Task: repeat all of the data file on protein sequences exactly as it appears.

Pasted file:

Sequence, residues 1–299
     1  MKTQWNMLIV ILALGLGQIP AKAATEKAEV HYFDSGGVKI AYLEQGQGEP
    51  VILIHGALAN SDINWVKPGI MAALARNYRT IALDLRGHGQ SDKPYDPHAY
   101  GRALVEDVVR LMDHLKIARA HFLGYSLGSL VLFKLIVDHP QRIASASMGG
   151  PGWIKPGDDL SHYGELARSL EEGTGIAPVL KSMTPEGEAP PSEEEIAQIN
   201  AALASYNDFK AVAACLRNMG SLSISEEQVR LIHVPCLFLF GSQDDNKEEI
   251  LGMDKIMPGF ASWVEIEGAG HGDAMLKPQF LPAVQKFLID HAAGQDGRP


Sequence, residues 1–299
     1  MKTQWNMLIV ILALGLGQIP AKAATEKAEV HYFDSGGVKI AYLEQGQGEP
    51  VILIHGALAN SDINWVKPGI MAALARNYRT IALDLRGHGQ SDKPYDPHAY
   101  GRALVEDVVR LMDHLKIARA HFLGYSLGSL VLFKLIVDHP QRIASASMGG
   151  PGWIKPGDDL SHYGELARSL EEGTGIAPVL KSMTPEGEAP PSEEEIAQIN
   201  AALASYNDFK AVAACLRNMG SLSISEEQVR LIHVPCLFLF GSQDDNKEEI
   251  LGMDKIMPGF ASWVEIEGAG HGDAMLKPQF LPAVQKFLID HAAGQDGRP